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Budget Deja Vu: Another Growing Gap, More Cuts Likely, O'Malley Says

Another revenue estimate, another write-down, more budget cuts. That's what Gov. Martin O'Malley (D) says Marylanders should brace for tomorrow when state leaders receive their latest tax revenue estimates.

Last week, O'Malley predicted the new figures would show tax revenue slipping $100 million to $200 million below expenses approved for the remainder of the state's fiscal year, which ends next June.

On Tuesday, O'Malley said he'd received initial indications the gap would be larger than what he suggested last week -- as much as $300 million, or more than 2 percent of the state's $13.4 billion budget.

The governor said that while Maryland's 7.2 percent unemployment rate is better than most other states', the loss of wages is predicted to cascade through Maryland tax rolls in coming months and open up yet another budget gap that could necessitate more painful cuts.

The gap would be deja vu to last year.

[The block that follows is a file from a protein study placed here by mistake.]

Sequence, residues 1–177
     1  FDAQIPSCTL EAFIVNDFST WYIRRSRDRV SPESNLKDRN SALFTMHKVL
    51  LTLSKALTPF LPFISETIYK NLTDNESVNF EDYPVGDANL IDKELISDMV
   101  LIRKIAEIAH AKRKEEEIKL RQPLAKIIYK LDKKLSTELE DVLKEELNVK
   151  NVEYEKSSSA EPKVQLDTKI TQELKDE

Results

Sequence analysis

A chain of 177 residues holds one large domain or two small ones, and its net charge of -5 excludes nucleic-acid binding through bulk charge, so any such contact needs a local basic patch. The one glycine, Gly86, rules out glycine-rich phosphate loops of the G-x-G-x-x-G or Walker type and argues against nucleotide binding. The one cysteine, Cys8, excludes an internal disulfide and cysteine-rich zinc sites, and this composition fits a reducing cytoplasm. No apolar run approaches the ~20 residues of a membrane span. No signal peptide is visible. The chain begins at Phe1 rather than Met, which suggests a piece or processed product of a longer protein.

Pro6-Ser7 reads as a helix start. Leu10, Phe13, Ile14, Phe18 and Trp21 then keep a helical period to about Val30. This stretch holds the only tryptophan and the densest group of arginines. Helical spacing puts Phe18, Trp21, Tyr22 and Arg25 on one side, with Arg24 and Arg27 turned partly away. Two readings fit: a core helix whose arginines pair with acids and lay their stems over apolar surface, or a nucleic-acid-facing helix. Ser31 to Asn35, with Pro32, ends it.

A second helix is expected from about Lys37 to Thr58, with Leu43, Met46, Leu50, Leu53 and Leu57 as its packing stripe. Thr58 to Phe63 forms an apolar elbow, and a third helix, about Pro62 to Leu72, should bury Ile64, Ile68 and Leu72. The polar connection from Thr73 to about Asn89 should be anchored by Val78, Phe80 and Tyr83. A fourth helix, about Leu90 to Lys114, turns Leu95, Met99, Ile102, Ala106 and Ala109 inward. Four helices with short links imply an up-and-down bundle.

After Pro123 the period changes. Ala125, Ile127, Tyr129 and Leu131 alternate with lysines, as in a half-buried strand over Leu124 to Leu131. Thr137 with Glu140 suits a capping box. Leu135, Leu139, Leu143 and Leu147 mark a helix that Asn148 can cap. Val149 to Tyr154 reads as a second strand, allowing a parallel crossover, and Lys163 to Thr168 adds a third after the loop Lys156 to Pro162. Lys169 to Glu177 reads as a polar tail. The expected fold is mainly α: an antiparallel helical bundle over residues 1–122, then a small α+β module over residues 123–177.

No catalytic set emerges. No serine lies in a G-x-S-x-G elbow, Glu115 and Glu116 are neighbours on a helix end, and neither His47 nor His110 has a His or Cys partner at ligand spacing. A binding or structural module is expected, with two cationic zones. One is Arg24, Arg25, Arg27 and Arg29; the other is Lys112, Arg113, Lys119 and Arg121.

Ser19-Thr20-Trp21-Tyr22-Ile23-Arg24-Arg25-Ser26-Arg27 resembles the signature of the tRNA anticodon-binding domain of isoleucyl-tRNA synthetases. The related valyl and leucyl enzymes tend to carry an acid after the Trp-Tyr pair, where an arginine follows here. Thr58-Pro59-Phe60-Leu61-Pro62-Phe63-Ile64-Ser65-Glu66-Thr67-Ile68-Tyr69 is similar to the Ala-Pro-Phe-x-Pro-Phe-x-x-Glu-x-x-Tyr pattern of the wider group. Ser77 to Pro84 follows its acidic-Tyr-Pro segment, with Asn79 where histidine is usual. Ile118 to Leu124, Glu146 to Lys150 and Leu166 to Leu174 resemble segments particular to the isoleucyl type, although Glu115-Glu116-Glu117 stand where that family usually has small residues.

It also would be the second hole Maryland would have to plug in just the first three months of the state's current budget year, and could lead to what would be the ninth round of budget cuts since the recession began in 2007.

In July, a $700 million hole emerged less than two weeks into the budget year when updated tax collection figures from April showed Maryland revenue dropping about 5 percent below costs.

To close that gap, the state's Board of Public Works approved O'Malley's plan to shut down a state-run psychiatric hospital, nearly eliminate money for county road projects, slash funding for cancer research, reduce reimbursements for health-care workers and facilities caring for Medicaid patients, and close a minimum-security prison.

O'Malley, however, said he hoped recent signs of life in the state's housing market and mixed results in job reports from the past four months indicated the state's economy might be leveling out.

Still, rebounds in state tax revenue typically lag broader economic recoveries by a year or more.

By Aaron C. Davis  |  September 16, 2009; 3:05 PM ET
Categories:  Aaron C. Davis , Governor , Maryland State Budget  
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They raised a millionaires tax, and the millionaires went to virginia and delaware.

They raised taxes and tax revenue went down.

Govt cannot push the rich around, cause they'll leave. Just like when 30,000 millionaires left CA, after their millionaire's tax... history repeats itself.

Einstein said it best: Doing the same thing over and over and expecting different results is the definition of insanity.

Posted by: docwhocuts | September 16, 2009 8:08 PM | Report abuse

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